Three magical words

My father is a simple man. He never had statements like “ Son, there are two kinds of people…” but had only two rules. Never lie even if you fail and always use Please, Sorry and Thank you. I’ll leave the lie rule to you and let’s talk about the latter.

Please, Sorry and Thank you does wonders when used. The best part is that both the parties enjoy the sound of it. Need not mention that smiling is mandatory for two of them. 🙂

During my schooldays, I ignored them completely. The egoistic and boastful person in me thought of it as completely unnecessary. Now I feel different using it. There’s always a sarcastic side to it but we need not practice it. The genuinity matters a lot and we don’t want to mock people because that’s not how we want them to remember us.

Let’s see how each of them will help us in our lives.


An adverb that’s used in polite requests or questions. That statement is self-explanatory and let’s not take advantage by using it in desperate situations. You may notice that it’s hard for the listener to be angry when used with a genuine smile.


Out of the three magic words, this one needs care. I hope from the bottom of my heart that you face fewer incidents to say ‘Sorry’. If you’re not going to mean it, don’t say it. It will only destroy your personality but if you meant it, it will make you feel good.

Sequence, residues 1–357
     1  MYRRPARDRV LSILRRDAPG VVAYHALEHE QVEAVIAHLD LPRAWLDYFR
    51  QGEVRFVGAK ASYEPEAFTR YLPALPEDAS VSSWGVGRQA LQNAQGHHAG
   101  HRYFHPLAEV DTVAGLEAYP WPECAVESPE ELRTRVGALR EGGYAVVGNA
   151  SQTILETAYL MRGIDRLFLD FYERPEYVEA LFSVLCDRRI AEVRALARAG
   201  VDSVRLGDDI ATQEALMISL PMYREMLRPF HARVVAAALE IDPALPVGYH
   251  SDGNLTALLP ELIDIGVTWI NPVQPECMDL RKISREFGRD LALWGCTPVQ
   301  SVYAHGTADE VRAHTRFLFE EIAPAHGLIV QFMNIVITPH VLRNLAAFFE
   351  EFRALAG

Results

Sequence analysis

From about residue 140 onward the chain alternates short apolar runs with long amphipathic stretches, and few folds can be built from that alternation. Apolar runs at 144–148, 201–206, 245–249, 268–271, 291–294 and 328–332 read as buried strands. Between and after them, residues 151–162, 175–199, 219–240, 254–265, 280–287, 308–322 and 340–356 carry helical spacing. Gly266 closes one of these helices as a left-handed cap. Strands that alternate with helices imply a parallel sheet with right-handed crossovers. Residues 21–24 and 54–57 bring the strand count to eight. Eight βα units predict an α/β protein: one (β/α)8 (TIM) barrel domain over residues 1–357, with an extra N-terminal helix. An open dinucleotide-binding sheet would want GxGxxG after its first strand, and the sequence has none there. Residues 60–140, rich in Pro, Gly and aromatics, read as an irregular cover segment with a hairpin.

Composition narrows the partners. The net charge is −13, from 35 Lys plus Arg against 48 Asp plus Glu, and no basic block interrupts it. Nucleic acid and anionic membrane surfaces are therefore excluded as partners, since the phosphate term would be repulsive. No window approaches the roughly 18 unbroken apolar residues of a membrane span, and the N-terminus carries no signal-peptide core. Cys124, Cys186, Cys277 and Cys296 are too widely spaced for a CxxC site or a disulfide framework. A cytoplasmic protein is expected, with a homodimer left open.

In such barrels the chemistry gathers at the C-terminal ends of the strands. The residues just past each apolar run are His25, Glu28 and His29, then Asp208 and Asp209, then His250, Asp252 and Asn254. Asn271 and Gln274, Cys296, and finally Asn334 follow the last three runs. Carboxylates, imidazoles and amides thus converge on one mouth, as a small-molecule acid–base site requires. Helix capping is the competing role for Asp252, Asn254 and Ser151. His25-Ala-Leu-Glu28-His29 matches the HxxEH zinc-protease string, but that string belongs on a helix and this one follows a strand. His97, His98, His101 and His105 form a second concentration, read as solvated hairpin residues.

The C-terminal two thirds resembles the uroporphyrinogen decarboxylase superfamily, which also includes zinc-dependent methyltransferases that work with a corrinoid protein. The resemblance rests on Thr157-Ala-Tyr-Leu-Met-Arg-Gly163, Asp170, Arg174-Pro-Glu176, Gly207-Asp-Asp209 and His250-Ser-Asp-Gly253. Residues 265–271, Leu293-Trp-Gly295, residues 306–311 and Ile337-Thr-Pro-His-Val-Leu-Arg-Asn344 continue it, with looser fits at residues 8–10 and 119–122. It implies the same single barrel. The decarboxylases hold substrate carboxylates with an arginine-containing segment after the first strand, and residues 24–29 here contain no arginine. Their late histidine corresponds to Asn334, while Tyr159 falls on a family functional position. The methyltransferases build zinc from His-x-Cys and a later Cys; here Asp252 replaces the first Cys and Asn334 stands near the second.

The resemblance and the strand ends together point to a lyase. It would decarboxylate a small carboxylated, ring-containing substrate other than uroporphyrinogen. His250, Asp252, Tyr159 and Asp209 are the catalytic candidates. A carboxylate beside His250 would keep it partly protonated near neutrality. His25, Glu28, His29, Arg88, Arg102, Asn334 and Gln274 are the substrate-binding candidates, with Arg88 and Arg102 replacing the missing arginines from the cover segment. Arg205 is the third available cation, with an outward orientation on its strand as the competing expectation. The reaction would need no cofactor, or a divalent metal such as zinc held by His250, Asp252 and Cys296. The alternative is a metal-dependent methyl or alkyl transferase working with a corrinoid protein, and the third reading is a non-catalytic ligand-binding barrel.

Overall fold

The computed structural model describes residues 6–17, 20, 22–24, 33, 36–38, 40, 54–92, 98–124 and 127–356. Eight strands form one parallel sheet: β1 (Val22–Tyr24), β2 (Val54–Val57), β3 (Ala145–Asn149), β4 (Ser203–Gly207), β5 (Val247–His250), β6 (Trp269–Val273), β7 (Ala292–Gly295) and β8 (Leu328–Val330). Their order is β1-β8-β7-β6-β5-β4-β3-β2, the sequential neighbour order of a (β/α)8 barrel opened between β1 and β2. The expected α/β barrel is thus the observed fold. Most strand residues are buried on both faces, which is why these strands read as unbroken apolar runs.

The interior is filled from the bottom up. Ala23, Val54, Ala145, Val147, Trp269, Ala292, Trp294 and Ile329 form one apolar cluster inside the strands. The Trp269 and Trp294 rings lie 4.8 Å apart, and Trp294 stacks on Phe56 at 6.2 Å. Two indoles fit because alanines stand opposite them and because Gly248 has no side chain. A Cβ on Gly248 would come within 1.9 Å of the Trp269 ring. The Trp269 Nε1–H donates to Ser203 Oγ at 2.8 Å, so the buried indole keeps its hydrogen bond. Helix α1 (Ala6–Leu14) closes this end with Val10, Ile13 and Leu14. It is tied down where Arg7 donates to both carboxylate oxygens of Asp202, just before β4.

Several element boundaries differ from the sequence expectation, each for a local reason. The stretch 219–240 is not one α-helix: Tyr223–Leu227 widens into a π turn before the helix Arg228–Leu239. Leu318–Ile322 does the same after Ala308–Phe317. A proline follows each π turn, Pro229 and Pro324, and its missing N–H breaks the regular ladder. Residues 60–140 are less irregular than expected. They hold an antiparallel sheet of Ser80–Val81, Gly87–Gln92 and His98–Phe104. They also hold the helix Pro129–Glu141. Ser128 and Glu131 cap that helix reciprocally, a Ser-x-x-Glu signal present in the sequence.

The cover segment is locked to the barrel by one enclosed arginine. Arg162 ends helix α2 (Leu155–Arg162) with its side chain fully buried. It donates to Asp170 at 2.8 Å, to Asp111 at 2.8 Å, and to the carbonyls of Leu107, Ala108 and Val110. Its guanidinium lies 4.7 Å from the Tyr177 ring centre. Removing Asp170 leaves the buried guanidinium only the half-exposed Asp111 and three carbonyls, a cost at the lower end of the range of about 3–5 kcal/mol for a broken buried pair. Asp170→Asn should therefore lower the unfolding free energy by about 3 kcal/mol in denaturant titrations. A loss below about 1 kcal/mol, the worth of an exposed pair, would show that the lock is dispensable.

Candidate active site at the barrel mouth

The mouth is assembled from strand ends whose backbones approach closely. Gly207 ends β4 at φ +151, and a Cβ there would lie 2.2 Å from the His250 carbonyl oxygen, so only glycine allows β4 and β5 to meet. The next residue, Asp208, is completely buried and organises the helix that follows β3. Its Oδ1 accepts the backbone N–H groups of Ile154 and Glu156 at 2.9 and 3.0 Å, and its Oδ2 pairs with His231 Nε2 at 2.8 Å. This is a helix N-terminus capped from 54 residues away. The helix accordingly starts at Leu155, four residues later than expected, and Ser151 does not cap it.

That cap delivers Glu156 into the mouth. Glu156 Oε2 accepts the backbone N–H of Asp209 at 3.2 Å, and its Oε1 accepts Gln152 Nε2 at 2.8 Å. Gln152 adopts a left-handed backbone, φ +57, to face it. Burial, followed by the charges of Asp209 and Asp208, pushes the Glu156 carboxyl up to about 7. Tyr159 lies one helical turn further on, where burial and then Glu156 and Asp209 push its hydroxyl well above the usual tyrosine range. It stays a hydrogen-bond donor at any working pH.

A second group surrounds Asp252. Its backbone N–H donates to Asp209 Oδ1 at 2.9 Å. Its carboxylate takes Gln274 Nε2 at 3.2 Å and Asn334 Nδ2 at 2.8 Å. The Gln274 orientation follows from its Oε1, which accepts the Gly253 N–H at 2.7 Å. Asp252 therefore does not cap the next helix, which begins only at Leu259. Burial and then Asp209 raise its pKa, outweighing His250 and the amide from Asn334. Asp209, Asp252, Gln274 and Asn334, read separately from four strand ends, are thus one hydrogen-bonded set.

For asking forgiveness, you can start with sorry. I’ve said sorry for incidents where both the parties knew that it wasn’t my fault. I did it because the other person’s happiness was more important than mine. When a conversation is not clear, you can say that you’re sorry and got distracted.

Thank you

My favourite of all the three. It gives immense happiness to you and the other person. It means you’re obliged because they have used their precious time to do something for you. Always use a smile with it. I’ve noticed that after I said Thank you, people kept their smile for a while. This helped them to be more happy in the next moment. It’s more of like a chain reaction.

Being humble is quite an expensive character to nourish. It requires constant awareness of who we are. A wrong motive or sentence might break it. My life has taught me that humility is the only skill that we need to learn. Once we’ve developed it, the desire to learn, discover and teach comes later.